As Technology Evolves, So Must We
We’re just over a month into the New Year and already I feel like I’ve fallen behind on my own personal goal of keeping up with technology. Sure, we all use some form of technology every day, but I don’t think it’s possible for anyone to truly keep up with all the technology advancements that happen each day. Don’t get me wrong, I’m not trying to start the next round of technophobia; just stating a fact. And it’s become apparent to me over the last year, more than ever before, that we’ve now reached a leveling point in the current cycle of technological change. How did I come up with this revelation (genius, right)? It happened when I met someone who was raving over his new iPhone 6+, not for it’s size or the quality of the picture, but for the battery life. Given his use, he could now get a full day in without having to recharge his phone. As a long-time iPhone user, that was the buying feature for him. Not sure it was worth the extra $150 over the iPhone 6, but hey, who am I to argue.
Interesting fact? Not really unless perhaps you analyze it to pieces (not that I do that…). When Glen (MacDonald, whom I started the business with) and I got our first blackberry devices in 2005, long-time users said it was about time. We’d always felt (as well as most others at that time), that this was a yet another way you get tied to work (those of you who work from home know what I mean). We ended up going from thinking it could only further disrupt our personal lives, to not being able to live without it. And the reason why (in our case at least) was more about time management than anything else. We truly had more freedom (well me at least, Glen used to turn it off every night J).
We hadn’t yet moved into our first office, so we worked out of our homes. For Glen that wasn’t as much of an issue because he was typically able to connect from a client’s site (where he spent the majority of his time). For me, it wasn’t quite that easy as I was more often on the road than somewhere I could get online to do email, etc. It was early in the summer and my family and I we were about to leave on a take out the word “family” here holiday. Our business was in a growth phase. We were trying to recruit someone to help me with sales and Glen on the technical side (ended up being Krys). Laura (who also worked from her home) was busy looking for office space. Needless to say it was a busy time and I wasn’t sure I could go. Then as now, family ALWAYS came first and I couldn’t deprive Joanne and the kids of some time away. So we took the plunge and Glen and I got ourselves the newest blackberry on the market. LCD color screen, scroll wheel, full keyboard (only thing I miss), you know the one. A week later, we were off for some fun on the Jersey shore and New York City.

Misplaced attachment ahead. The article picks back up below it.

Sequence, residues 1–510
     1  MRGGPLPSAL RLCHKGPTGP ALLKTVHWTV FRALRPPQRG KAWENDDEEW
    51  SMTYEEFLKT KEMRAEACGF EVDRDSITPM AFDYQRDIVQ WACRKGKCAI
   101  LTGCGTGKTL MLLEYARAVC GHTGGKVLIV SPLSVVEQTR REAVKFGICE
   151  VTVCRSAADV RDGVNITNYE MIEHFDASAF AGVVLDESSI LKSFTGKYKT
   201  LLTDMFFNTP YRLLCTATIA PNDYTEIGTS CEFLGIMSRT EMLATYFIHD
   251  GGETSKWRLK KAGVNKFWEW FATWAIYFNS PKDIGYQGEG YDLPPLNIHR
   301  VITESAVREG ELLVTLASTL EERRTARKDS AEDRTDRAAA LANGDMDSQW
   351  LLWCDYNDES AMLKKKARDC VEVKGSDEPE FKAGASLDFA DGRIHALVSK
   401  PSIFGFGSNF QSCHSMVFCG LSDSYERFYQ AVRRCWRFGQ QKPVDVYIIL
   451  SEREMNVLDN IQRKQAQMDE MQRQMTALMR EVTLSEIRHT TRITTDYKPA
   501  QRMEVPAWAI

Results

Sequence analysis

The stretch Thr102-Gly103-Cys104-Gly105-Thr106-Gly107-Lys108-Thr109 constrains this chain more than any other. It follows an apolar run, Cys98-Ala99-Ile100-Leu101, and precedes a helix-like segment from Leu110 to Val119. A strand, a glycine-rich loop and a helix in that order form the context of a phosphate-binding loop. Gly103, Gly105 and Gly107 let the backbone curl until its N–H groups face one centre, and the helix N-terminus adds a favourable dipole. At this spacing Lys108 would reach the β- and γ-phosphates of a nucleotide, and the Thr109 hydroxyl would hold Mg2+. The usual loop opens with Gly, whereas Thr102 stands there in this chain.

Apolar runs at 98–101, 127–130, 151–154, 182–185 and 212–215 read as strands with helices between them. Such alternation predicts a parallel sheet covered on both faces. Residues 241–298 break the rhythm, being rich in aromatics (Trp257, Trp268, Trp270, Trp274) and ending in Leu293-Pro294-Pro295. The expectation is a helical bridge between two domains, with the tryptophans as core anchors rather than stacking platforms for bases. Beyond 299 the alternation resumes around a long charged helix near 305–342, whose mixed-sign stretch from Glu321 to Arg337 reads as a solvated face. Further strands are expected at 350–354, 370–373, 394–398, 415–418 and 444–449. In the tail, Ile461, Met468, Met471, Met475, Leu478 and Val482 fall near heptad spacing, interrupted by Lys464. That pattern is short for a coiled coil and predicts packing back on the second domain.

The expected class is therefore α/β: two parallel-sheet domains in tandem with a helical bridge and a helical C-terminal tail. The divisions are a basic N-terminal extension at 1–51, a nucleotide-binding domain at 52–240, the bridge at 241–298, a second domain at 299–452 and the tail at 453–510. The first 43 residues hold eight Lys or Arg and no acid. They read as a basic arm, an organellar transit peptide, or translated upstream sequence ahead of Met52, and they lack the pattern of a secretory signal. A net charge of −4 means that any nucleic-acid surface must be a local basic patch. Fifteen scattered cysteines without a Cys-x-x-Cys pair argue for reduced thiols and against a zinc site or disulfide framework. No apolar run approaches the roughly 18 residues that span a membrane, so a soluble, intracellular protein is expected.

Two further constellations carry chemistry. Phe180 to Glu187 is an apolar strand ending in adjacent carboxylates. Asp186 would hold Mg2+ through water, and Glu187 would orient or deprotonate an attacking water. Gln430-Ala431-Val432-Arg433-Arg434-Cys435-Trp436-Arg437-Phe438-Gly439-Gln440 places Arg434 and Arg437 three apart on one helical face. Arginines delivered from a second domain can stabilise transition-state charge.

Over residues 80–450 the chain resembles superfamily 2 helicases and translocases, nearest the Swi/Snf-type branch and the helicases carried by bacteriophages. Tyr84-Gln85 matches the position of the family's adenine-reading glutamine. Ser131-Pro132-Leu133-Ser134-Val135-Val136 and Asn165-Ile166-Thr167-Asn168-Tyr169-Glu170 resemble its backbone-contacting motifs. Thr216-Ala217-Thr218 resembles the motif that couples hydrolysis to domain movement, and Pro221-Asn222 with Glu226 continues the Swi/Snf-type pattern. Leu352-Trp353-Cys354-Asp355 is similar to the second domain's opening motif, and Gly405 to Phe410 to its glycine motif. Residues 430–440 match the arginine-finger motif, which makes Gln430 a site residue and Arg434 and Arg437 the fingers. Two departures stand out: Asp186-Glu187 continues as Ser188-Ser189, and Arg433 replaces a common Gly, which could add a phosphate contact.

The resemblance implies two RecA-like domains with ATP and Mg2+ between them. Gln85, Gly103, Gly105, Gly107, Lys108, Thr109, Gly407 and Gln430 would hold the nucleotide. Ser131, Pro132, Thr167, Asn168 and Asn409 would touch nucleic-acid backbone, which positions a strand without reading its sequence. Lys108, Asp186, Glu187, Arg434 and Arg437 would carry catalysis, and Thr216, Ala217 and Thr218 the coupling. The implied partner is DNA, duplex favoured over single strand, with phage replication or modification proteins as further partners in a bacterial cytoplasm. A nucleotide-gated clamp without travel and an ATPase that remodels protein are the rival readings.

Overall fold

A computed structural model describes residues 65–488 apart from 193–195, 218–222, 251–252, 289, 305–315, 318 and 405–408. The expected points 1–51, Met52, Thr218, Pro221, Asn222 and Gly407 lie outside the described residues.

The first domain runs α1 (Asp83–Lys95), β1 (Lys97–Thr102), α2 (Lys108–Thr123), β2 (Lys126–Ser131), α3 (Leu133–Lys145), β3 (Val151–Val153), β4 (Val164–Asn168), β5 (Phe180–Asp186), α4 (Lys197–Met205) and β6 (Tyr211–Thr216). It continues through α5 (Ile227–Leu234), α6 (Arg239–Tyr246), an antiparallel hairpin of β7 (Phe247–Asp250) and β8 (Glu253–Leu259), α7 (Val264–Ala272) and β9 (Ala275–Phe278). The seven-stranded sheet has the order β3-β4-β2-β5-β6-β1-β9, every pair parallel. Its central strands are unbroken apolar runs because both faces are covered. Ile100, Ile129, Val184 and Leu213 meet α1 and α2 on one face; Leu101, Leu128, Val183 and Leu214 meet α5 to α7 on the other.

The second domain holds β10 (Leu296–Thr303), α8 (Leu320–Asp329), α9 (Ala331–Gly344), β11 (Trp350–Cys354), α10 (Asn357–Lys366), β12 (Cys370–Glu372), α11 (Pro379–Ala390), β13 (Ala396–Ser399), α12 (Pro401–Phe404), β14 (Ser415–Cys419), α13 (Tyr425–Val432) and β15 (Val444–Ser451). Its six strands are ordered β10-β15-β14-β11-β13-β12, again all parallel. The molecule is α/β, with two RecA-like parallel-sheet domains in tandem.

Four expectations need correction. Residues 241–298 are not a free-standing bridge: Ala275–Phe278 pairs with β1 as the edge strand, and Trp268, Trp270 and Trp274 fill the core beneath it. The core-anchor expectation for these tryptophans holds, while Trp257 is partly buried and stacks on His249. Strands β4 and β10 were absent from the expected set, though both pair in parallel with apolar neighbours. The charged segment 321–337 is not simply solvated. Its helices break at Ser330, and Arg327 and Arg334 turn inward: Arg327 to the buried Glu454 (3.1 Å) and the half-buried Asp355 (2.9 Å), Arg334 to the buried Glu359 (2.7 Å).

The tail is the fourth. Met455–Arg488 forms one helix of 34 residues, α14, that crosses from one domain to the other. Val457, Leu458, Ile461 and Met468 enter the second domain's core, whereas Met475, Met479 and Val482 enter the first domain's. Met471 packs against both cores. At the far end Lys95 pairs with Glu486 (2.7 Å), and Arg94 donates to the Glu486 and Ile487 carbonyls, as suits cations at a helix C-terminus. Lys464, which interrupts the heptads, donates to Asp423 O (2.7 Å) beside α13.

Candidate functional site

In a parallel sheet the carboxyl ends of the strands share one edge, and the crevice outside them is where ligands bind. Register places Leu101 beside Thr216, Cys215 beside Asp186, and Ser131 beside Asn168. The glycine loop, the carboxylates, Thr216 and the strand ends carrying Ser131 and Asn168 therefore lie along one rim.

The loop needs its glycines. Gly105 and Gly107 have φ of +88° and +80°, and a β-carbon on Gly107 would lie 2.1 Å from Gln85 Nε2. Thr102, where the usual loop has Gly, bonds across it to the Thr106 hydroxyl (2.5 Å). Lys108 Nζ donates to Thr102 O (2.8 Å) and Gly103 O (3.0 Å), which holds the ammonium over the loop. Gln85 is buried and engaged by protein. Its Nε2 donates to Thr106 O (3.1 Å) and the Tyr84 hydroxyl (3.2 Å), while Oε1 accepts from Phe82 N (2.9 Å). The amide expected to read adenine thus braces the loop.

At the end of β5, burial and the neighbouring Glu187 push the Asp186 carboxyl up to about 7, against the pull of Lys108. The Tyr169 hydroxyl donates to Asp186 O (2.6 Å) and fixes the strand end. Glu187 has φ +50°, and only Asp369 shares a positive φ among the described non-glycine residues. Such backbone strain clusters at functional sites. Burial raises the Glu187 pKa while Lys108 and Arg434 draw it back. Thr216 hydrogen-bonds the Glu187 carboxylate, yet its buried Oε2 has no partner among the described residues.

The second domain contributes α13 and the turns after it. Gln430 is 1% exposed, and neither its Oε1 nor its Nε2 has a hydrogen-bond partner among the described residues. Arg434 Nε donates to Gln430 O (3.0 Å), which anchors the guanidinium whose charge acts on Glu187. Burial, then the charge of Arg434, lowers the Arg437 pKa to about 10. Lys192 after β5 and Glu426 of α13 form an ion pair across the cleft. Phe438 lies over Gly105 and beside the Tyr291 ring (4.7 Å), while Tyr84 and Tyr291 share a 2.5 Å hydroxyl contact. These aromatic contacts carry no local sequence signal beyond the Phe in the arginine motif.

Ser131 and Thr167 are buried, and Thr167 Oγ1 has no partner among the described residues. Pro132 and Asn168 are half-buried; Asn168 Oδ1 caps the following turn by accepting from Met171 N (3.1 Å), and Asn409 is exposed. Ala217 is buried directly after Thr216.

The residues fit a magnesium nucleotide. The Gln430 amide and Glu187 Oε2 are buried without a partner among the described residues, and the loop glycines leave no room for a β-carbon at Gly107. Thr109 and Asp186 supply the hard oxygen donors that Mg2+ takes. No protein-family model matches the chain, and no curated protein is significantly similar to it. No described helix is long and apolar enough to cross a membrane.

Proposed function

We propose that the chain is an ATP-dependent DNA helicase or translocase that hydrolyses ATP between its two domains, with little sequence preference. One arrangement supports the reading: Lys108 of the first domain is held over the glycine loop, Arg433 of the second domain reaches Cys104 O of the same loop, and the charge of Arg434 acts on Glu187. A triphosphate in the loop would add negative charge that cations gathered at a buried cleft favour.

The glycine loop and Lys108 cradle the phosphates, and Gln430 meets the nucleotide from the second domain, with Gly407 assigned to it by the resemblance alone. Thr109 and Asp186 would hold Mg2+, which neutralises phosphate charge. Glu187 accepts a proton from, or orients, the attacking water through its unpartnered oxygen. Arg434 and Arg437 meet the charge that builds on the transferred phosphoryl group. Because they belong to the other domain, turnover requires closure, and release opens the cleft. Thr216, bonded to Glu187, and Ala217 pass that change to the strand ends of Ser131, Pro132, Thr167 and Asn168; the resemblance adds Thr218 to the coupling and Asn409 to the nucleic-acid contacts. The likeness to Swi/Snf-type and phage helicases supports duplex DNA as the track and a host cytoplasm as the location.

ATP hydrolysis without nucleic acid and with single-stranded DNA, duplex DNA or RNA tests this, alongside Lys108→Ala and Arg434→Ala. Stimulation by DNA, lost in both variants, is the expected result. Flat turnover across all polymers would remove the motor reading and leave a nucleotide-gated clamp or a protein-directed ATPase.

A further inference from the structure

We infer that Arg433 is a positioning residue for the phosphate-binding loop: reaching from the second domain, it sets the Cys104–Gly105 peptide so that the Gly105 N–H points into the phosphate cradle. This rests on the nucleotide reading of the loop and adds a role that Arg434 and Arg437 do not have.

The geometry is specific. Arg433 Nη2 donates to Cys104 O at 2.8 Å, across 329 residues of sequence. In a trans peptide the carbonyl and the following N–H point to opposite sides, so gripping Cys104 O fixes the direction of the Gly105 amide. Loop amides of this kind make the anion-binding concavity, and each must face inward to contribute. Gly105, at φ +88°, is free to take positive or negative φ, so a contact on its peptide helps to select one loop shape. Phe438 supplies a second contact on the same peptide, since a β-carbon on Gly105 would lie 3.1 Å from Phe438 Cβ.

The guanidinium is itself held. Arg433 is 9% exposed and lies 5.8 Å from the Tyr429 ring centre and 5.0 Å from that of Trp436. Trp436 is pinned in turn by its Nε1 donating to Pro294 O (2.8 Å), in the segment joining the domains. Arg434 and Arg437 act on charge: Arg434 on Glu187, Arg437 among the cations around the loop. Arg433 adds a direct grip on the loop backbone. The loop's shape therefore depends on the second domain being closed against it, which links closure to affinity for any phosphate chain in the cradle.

At the beach, it wasn’t so bad. I’d sneak a peek at my new blackberry every chance I’d get and if I had to respond to an email, I’d duck away for a couple of minutes to do so. The kids didn’t really notice and Joanne was (as always) very supportive and happy we got away. It’s when we went to New York and were waiting to go up to the top of the Empire State Building that it hit me, hard! I’d gotten an urgent message about a problem at a client and Glen needed my help to navigate the resolution. It wouldn’t take long, just a couple of emails and a quick call and since we had some time in line, I did it right there. Well my daughter looks at me and says, “Dad, put down your toy and talk to me.” Needless to say, I was embarrassed (because of course everyone else in line gave me a dirty look) and that’s when I realized I was hooked! Granted, it was for business, but I probably could have gotten by with a phone call until we were done. But it’s what I said to her that resonates with me to this day. I looked at her and agreed that I shouldn’t be doing work (I clarified the toy thing) while on vacation. But then I also added that it’s “because of this toy that we get to take holidays”.
Fast forward ten years and my now 18 year old daughter couldn’t live without her iPhone or her laptop. But rather than it being a “toy” or a business tool (which it is for me. That’s my story and I’m sticking to it.), it’s simply her phone. And since she’s never had an actual cellphone, she really only knows her smartphone as her “phone.”
So why does any of this matter? Because, in my view, as technology evolves, it moves from being the new shiny thing to just another part of our daily life. Take for example getting around an unfamiliar place, we just bring up the mapping app on our smartphones and almost instantly get directions. Although we still get two printed newspapers everyday at home, I get the vast majority of my news online. When Joanne wants to know when my next business trip is, she looks at my Outlook calendar. Restaurants, hotels, flights, I even pay for my Tim Horton’s coffee with Passbook and rarely print out a boarding pass for a flight. Today, it’s all on my iPhone!
All of this to say that as technology evolves so must we because if we don’t, we are left behind (so to speak). Certainly anyone can still live without any technology. Think about it, how did we all get here in the first place? However, with evolution come progression and the advancement of new ideas. Those new ideas are what brings us those “new shiny toys” we all want so much (go ahead, admit it). Therefore, in the end, it’s not so much that we should evolve with the technology, but more that we should just.. continue.. to evolve.
President and CEO Highvail Inc.